Mobile payments are poised for major growth in the next few years, being one of the few areas in the whole payments industry that has seen a positive impact from the Covid-19 pandemic. Many of the prevailing trends in payments generally are converging around the smartphone as the form factor of choice in electronic payments. Plastic cards are on the way out but will likely take their time declining, kept afloat by inertia.

Macroeconomic Trends

Listed below are the key macroeconomic trends impacting the mobile payments industry, as identified by GlobalData.


Consumers’ purchasing behaviour has been dramatically affected by the pandemic itself as well as by the lockdowns we have seen. In general, consumer spending is down due to reduced confidence and a looming recession on the horizon, despite the best efforts of governments to bolster economies. Despite this gloomy outlook for payments overall, the situation is actually likely to boost mobile payment usage.

At the physical point of sale (POS), cash usage has suffered greatly due to fears over it being a potential disease vector. This has led to the growing significance of electronic payments that does not require contact to be made with a terminal. The payments industry as a whole is pushing cashless payments very hard in the wake of Covid-19. Visa and Mastercard have raised contactless spending limits, while central banks and third-party payment providers alike are launching mobile payment schemes to capitalise on the move away from cash.

Mobile especially is well-positioned because its in-built security measures allow for Strong Customer Authentication natively on the device without requiring contact with a POS terminal.

Rise of millennials and Generation Hashtag

Smart mobile devices are held by all demographics worldwide, but it is the youngest groups that make the most use of these devices. The ability to use these devices for payments is most appealing to millennials compared to others with more ingrained card- or cash-using behaviours. GlobalData’s consumer surveys also find that younger people use mobile devices for payments more often than others.

Increasingly cashless societies

Cash has been on the decline globally in favour of electronic payment tools for decades. In the developed world, the default non-cash payment option is still cards, but markets in Asia and Africa have mostly leap-frogged cards, moving directly from cash-dependent societies to mobile payment-based societies.

Covid-19 has accelerated the overall trend of decline in cash usage as consumers are driven to payment tools that involve as little contact with physical POS equipment as possible, with mobile being the lowest-risk option. The distribution of smart mobile devices to the homeless in China in order to extend access to the ubiquitous WeChat and Alipay social and financial networks provides an example of how a cashless society can reach vulnerable sectors that have historically relied on cash.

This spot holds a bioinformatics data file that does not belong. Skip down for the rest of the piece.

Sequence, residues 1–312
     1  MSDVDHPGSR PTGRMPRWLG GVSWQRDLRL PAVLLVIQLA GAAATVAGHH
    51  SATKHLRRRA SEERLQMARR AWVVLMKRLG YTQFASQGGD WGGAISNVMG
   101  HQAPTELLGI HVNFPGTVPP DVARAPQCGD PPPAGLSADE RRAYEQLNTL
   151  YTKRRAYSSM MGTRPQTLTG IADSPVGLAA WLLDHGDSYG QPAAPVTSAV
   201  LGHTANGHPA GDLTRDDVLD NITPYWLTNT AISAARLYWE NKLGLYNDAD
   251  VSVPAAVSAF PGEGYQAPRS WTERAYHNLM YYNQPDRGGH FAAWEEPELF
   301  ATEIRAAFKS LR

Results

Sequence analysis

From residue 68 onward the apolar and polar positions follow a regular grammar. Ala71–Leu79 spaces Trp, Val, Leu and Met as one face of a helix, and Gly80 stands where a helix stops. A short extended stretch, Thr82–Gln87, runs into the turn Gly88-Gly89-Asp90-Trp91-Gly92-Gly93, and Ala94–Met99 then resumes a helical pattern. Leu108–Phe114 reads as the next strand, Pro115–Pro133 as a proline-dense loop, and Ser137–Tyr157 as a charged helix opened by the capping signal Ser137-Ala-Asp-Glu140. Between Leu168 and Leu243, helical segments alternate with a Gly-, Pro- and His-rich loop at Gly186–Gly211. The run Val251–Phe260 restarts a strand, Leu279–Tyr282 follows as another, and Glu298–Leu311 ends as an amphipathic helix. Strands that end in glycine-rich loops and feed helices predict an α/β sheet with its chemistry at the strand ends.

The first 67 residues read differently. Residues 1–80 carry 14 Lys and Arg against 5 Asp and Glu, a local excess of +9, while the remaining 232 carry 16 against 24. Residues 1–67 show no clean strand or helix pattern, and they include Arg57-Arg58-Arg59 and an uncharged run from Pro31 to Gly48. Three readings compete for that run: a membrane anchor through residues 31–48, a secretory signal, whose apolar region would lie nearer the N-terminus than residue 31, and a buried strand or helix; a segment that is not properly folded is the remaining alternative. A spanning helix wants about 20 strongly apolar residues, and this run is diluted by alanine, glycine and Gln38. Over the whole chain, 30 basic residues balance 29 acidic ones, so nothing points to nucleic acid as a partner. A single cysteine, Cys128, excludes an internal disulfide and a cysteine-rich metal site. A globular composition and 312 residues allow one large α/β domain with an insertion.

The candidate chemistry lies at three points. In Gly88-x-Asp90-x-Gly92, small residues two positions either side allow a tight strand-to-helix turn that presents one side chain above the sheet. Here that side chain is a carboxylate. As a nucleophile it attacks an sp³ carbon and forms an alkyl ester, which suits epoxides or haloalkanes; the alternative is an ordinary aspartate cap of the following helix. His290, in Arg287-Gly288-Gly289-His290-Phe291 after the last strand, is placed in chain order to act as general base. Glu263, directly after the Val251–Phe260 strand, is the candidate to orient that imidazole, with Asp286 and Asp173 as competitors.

Cross-border payments

The current picture of mobile wallet distribution globally is of stark divides across geographical lines. Some markets, such as Kenya, are dominated by a single wallet (M-Pesa), while others such as the US have multiple wallets all co-existing and/or competing.

Since most popular mobile wallets are domestic or regional players, cross-border payments still need to be settled using traditional methods of payment. Payments can handle multiple international players – Visa and Mastercard’s “duopoly” proves that – but so far such interoperability is limited and small in scope.

Social media usage

One of the major synergies mobile payments brings to the table is the ability to integrate, directly, into the social media platforms that are now the central means of communication for many consumers (especially the Generation Hashtag). The best example of the potential power of social media and payments is Tencent’s WeChat. WeChat fully integrates payments into a chat app with a gigantic user base, creating a digital space where enterprises and sole traders can conduct all of their business, to say nothing of its applications in peer to peer (P2P) communication and payments.


Sustainability is the defining theme of the 2020s. Customers, voters, and politicians will demand greater action on environmental, social, and governance issues. In the payments industry, sustainability incorporates issues relating to eliminating non-recyclable waste in supply chains, improving business ethics, and investment in sustainable enterprises outside the industry.

Moving from hardware-based systems at the POS to software-based systems (mobile payments, hardware-free mPOS) is the first step; if the plastic card was not already in danger from other trends, eliminating it will certainly be looked at as a quick way to reduce waste in the industry. Of course, the smartphone industry is not without its faults in terms of sustainability, and supply chain waste as well as the question of planned obsolescence will need to be addressed.

This is an edited extract from the Mobile Payments – Thematic Research report produced by GlobalData Thematic Research.